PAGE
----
The South is full of antique stores.  Judging from the weekend crowds, it would appear that antiquing in Florida  is a tourist activity unto itself, apart from the state’s other main draws. It’s also the only mainstream tourist activity that is largely free of teenagers.

Entering one of the giant antique malls, one is immediately taken by the aesthetic variances of the stalls.  These differences provide endlessly fascinating speculation into people’s personal histories (there is a large sense of voyeurism involved) and personal tastes.  A stall floating a Confederate flag houses a collection of rundown cowboy boots; another is full of Depression-era milk glass and plastic roses and old postcards received by a well-traveled spinster.

There is a lot of accumulated junk.  People purchase a stall and can cram anything into it, and they do.  Aunt Minnie’s old house slippers and threadbare rug, an empty cardboard box from a Jetsons board game, battered flatware, the door of an outhouse.  It’s a relief from the overly studied merchandising in the mall and the whole of it is covered in a layer of dust so fine that you don’t recognize it until you leave the building and realize your contacts have turned into shrinkwrap.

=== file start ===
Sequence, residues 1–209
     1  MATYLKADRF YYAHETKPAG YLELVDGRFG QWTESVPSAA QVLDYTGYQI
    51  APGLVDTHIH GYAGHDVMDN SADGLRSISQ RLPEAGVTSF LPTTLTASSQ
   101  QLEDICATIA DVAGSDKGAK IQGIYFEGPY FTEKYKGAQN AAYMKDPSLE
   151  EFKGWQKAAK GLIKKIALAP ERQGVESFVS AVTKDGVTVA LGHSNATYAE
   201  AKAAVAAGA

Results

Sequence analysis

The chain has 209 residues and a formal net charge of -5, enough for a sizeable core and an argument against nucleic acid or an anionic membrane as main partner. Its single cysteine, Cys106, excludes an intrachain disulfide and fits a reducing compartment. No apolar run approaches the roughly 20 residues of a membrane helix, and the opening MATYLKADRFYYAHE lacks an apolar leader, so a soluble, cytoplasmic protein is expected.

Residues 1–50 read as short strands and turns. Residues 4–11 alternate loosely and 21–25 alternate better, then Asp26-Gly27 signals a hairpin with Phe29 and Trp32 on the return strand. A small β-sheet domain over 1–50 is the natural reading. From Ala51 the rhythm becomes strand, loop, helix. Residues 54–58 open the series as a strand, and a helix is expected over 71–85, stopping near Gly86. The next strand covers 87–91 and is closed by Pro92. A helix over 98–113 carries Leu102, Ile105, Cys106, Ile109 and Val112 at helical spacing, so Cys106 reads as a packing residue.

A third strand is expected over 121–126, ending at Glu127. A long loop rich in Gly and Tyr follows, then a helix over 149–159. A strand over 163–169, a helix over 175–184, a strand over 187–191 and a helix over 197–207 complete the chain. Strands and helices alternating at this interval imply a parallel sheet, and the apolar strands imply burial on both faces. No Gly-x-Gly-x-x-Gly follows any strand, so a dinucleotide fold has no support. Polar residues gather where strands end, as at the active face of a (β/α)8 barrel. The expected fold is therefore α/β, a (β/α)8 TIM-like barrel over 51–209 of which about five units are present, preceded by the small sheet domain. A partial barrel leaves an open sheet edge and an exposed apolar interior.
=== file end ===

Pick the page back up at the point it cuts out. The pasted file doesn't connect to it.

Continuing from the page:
Most of what you find is not a “find.”  Savvy dealers mark things up well beyond what you might pay on eBay, and they mark things up that have no business being marked up at all, like an empty atomizer of Love’s Baby Soft cologne that dates from the modern era and yet will set you back fifteen dollars.

At certain stalls, it’s impossible to separate “antique” from “thrift” unless by price.  Antiquing takes fortitude, knowledge, and dedication. Even if one gets the sense that the professional hunter has long since stalked and trapped his prey, the antique stores still have plenty of charming merchandise.   The doll below is a good example.  It was one of two black cloth dolls in the store; the second also wore earrings and was marked as having an origin in Jamaica.

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